Alexander Clark Helps a Fugitive Slave
Before the Civil War, some slaves escaped their slave owners and went to free states like Iowa. In this clip from the "Lost in History: Alexander Clark" documentary, historian David Broadnax tells the story of Jim White, a former slave who was working in Iowa and was helped by Alexander Clark in 1848.
David Broadnax: “Being an African American before the Civil War, it's almost impossible to not have sympathy toward the slaves, because you recognize that even if you are free, you're not that far removed from those who are enslaved. Another problem is the fact that there were a lot of kidnappings of free blacks. Even if you are free, there's always the possibility that you might become a slave.”
Of course, some slaves escape and flee north to free states like Iowa or somehow get there and try to stay. One is a slave named Jim White, whose story is chronicled in the Bloomington herald under the headline ‘the negro case.’ White had been given permission by his master to work in Muscatine, but then refuses to return.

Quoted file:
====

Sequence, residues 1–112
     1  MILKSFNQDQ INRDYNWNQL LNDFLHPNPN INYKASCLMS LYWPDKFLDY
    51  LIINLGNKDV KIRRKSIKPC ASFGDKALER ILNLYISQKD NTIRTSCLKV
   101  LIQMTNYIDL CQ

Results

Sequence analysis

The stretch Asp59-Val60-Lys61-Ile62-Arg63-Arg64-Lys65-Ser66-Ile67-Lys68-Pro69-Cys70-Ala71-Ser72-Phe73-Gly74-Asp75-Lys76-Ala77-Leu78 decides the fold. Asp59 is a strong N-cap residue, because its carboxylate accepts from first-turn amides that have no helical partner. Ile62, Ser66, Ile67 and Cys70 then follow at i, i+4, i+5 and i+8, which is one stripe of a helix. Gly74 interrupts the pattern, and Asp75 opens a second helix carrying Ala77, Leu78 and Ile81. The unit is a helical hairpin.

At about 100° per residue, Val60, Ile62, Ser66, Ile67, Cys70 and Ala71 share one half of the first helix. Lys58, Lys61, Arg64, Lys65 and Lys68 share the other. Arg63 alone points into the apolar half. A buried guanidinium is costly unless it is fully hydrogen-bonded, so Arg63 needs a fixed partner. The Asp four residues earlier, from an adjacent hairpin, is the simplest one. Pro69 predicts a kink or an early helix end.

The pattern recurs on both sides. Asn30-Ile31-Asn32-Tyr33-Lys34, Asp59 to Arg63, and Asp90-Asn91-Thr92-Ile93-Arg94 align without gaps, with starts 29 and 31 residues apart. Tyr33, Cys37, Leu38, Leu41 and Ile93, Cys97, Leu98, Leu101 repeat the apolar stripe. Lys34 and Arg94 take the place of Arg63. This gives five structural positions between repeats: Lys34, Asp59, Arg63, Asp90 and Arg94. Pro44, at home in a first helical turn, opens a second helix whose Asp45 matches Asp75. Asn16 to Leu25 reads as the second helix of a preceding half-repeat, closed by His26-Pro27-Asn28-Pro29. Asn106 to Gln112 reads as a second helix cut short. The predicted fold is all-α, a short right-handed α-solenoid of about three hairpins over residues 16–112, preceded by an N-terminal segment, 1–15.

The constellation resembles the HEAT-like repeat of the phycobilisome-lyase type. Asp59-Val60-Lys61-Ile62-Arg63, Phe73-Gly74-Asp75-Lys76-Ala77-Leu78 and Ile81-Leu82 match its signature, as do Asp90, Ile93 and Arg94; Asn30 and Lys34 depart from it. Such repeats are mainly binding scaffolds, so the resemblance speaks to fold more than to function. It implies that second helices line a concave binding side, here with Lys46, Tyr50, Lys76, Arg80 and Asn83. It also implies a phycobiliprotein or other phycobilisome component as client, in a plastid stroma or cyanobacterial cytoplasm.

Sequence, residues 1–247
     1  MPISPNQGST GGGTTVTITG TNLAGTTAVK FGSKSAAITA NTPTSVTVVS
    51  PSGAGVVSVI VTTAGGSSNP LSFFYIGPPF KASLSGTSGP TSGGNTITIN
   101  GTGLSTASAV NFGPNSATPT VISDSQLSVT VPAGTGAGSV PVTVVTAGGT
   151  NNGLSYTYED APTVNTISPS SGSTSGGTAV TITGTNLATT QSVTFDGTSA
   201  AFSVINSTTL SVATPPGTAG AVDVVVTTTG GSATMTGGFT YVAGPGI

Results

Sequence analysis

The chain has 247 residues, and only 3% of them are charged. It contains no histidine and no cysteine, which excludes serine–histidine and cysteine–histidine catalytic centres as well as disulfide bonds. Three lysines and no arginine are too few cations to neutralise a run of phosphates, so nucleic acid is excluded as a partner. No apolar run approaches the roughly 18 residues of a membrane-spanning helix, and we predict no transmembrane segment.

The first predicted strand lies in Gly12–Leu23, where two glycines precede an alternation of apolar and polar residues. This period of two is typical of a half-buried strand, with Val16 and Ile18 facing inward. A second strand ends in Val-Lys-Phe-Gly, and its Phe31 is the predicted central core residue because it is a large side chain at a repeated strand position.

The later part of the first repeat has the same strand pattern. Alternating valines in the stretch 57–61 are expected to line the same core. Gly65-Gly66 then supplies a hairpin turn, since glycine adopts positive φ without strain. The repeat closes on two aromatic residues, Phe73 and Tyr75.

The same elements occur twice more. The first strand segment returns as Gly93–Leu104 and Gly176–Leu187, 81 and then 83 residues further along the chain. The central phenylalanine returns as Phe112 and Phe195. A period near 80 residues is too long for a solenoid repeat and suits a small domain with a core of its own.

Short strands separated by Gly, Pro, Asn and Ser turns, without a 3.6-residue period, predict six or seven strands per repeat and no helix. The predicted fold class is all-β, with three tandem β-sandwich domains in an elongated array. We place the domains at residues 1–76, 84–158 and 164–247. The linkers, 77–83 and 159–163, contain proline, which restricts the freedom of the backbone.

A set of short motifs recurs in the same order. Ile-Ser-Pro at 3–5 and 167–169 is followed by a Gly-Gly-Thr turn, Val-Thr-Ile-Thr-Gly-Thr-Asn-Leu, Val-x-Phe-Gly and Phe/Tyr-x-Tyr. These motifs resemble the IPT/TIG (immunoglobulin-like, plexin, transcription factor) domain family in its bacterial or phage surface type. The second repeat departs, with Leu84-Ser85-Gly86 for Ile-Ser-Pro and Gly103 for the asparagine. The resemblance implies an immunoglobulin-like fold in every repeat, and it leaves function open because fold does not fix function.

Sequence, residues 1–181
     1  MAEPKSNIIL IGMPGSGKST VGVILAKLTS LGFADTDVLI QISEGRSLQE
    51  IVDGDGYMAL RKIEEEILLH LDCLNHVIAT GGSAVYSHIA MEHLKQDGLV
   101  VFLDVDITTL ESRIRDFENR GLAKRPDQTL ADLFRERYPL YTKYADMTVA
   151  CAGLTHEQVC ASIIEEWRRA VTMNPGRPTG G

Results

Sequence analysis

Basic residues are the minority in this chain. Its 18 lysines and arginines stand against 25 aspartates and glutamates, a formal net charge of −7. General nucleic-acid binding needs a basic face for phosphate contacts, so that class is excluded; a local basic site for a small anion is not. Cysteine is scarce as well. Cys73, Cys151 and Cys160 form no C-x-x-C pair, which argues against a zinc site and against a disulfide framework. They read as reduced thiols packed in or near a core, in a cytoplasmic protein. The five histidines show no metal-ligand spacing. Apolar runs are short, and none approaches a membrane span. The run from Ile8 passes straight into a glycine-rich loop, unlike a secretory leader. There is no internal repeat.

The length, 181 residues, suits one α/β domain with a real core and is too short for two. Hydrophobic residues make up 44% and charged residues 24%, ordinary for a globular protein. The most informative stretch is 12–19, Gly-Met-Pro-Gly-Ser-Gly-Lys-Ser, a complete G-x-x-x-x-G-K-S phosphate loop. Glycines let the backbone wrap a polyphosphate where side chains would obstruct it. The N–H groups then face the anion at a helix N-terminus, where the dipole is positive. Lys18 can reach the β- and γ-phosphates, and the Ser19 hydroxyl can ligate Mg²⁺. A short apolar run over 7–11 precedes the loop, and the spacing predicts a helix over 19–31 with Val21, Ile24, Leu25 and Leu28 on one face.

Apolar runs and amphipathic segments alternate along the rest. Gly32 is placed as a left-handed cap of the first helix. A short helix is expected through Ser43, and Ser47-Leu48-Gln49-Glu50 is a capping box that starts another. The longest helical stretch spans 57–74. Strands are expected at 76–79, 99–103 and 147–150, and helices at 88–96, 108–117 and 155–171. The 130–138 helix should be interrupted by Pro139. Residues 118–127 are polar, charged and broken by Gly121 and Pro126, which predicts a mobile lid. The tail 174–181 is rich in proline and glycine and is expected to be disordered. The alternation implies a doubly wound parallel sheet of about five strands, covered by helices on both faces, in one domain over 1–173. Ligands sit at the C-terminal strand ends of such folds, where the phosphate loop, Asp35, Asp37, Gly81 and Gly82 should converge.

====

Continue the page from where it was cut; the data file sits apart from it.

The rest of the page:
Broadnax: “So his master sends agents to Muscatine to try to bring him back. And white takes refuge in Clark's home. Muscatine wasn't a big city and the black population was small, so it's likely they knew each other just because they were both black in the same sort of mid-sized town. The bounty hunters try to trick Clark into handing white over, so they pose as abolitionists. And they say, ‘we're gonna help get Jim White to Chicago, so we're gonna meet you on the other side of the Mississippi river. We want you to row him across, and then we'll take him the rest of the way.’ But Alexander Clark was not an idiot. So he immediately smells a rat, and he actually does take white on a boat, but they start sailing downstream until they can't be seen anymore and they just disappear in the middle of the night. The end result of the case is that white never goes back to Missouri. He spends many years living in Muscatine as a free man after that, mainly because Clark came to his assistance.”
Excerpt from "Lost in History: Alexander Clark," Produced by The Communication Research Institute of William Penn University, Iowa PBS, 2012